Visit Homepage
Skip to content →

Category: Religion

Book Review: The Mountain of Silence: A Search for Orthodox Spirituality
(Kyriacos C. Markides)

In these days of changing ways, so-called liberated days, it is not only political beliefs that are getting a fresh look from a lot of people, but beliefs about all aspects of human life.  These include the beliefs of traditional Christians in America, whose options for Christ-centered communal worship within an organized framework narrow every day.  The Roman church is both corrupt and led by that man of perdition, Jorge Bergoglio; the degradation of ecclesiastical Protestantism is complete; evangelicals offer only Moralistic Therapeutic Deism or obeisance to Trumpian caesaropapism.  This leaves as the last institution standing the Orthodox Church, which shows no signs of trimming its sails to modernism and for whom Saint John Chrysostom might as well as have died yesterday.  Hence the recent surge in popularity of this 2001 book, a modern exposition of Orthodox spirituality, written by a man with a foot in both the West and the East.

Leave a Comment

Book Review: The Fiery Angel: Art, Culture, Sex, Politics, and the Struggle for the Soul of the West (Michael Walsh)

Billed as a continuation, this book is really the chiral image of Michael Walsh’s earlier book, The Devil’s Pleasure Palace.  That book was an attempt, with limited success, to outline and discuss the poisonous Frankfurt School of political philosophy, Critical Theory, through the prism of art.  This book, on the other hand, aims to discuss art, with Critical Theory as the subtext.  It is a largely successful attempt to outline and discuss the unparalleled genius of Western art, in its historical context and with its historical implications, and thereby to “restore Western culture to its proper place.”  That restoration is necessary for our culture to cauterize the venomous bite of the Frankfurt School, whose view of art as politics, and of Western culture as worthless and evil, must be rejected if the West is to regain its path.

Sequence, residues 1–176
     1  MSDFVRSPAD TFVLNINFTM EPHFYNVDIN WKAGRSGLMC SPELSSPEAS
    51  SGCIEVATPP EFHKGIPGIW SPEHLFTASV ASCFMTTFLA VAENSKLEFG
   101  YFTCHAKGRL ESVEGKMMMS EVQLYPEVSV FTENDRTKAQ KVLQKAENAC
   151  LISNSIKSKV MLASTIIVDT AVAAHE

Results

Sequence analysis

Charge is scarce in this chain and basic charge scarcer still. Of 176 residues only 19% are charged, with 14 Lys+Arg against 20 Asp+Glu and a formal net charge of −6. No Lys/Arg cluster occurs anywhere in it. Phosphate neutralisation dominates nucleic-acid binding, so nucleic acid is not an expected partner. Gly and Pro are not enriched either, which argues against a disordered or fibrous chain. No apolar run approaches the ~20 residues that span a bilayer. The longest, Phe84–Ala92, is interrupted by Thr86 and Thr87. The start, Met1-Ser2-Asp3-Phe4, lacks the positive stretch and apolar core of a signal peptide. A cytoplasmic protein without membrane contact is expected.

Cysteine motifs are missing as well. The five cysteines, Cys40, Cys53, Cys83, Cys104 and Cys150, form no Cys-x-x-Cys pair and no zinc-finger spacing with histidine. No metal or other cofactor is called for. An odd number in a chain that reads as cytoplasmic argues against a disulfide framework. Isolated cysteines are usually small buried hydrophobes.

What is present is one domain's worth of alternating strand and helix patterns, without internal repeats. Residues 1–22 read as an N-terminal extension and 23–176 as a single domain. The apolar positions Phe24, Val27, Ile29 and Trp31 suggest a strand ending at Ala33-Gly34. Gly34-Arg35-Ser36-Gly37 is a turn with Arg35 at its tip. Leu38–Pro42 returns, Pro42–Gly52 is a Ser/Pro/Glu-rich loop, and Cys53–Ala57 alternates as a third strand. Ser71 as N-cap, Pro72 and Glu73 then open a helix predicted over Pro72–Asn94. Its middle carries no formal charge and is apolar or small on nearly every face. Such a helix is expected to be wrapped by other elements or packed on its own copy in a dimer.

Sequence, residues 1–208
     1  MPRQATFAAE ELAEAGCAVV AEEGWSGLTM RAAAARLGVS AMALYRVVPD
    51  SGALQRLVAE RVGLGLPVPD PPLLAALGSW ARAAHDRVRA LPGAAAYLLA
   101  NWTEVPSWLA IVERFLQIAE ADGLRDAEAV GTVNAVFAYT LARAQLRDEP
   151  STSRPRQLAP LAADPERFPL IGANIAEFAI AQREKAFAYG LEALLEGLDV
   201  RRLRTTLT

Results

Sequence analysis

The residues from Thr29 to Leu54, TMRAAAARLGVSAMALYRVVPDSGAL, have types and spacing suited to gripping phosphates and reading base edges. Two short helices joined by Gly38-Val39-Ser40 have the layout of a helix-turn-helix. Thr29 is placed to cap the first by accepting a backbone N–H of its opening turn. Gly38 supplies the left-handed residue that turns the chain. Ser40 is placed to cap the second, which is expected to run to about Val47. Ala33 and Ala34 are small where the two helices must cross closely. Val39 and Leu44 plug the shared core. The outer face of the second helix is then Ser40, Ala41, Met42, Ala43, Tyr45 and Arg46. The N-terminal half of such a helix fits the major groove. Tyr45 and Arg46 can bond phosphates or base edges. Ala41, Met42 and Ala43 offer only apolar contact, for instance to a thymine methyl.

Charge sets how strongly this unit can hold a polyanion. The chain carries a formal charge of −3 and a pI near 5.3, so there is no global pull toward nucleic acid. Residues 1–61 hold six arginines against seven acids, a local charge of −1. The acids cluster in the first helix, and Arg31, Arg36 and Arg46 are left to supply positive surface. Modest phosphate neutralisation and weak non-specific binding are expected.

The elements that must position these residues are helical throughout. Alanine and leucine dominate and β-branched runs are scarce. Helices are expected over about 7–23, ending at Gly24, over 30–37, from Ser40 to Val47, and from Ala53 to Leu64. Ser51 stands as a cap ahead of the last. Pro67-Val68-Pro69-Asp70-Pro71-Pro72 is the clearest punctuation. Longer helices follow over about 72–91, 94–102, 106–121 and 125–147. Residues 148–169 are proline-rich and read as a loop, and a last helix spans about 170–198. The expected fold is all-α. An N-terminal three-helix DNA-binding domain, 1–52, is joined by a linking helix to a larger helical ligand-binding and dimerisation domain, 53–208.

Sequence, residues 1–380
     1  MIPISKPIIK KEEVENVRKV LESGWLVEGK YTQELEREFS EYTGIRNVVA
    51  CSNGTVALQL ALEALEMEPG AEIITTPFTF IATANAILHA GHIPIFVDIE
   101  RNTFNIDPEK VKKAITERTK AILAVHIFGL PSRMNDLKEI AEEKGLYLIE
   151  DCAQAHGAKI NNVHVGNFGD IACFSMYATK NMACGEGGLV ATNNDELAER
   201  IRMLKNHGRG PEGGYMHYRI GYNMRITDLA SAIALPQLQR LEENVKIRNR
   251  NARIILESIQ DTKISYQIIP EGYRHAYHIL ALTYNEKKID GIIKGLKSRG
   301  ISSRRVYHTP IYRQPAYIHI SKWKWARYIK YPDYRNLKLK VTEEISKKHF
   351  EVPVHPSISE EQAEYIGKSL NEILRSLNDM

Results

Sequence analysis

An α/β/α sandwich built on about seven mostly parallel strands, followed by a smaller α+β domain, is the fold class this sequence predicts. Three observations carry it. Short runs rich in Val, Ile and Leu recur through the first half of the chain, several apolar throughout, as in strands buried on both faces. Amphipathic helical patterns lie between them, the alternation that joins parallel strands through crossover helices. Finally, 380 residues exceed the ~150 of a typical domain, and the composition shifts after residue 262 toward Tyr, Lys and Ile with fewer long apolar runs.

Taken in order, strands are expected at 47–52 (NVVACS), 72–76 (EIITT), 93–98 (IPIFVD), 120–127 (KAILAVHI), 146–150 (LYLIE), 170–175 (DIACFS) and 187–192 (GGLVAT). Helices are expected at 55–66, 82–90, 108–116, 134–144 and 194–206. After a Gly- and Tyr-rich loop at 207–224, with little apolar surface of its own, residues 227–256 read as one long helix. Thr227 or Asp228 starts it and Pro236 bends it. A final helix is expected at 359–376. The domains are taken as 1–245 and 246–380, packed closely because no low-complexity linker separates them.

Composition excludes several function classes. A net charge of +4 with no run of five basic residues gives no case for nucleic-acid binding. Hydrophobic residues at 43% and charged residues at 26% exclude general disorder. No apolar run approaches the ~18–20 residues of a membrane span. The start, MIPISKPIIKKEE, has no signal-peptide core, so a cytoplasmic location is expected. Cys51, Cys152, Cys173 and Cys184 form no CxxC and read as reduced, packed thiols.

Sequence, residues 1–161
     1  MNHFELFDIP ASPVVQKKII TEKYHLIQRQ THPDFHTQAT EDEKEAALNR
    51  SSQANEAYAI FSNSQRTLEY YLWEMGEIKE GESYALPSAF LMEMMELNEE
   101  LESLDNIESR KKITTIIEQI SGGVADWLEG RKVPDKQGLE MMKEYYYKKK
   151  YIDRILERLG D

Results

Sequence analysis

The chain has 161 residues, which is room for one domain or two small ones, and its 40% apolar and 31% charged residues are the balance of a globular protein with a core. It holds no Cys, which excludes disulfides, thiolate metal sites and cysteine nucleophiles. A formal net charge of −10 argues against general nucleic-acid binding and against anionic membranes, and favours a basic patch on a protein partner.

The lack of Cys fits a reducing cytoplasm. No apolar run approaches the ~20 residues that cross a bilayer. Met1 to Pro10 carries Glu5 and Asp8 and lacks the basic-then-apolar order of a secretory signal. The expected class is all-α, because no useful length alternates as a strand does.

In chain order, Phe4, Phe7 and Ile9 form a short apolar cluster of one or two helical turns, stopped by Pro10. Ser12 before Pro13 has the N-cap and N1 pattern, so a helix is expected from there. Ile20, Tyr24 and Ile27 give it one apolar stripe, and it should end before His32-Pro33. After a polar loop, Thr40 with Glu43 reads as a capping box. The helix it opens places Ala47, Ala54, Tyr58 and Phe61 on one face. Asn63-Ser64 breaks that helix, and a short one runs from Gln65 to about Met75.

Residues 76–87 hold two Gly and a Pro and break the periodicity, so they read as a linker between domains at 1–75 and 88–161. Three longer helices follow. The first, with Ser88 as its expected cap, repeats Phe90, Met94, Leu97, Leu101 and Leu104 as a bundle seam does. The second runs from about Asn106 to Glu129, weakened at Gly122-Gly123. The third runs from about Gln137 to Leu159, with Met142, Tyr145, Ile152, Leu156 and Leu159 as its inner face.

Leave a Comment

Book Review: The Experience of God: Being, Consciousness, Bliss
(David Bentley Hart)

Although this is a book written by one of today’s most prominent Christian theologians, it is not a Christian book.  David Bentley Hart’s purpose is to demolish atheism, not to support Christian revelation.  Hart’s core point is that all theistic traditions, including the Abrahamic but also the Hindu and Buddhist, and even “various late antique paganisms,” share sophisticated reasoning about God and have arrived at certain conclusions which, if not ironclad, are much more reasonable and much more convincing than atheist arguments, which are, mostly, some combination of simplistic and irrelevant.  While I am not the target audience, it seems to me that an honest reader of this book is very unlikely to leave an atheist, even if he entered one, so if that is true, Hart’s book is a success.

Leave a Comment

Book Review: The Unintended Reformation: How a Religious Revolution Secularized Society (Brad S. Gregory)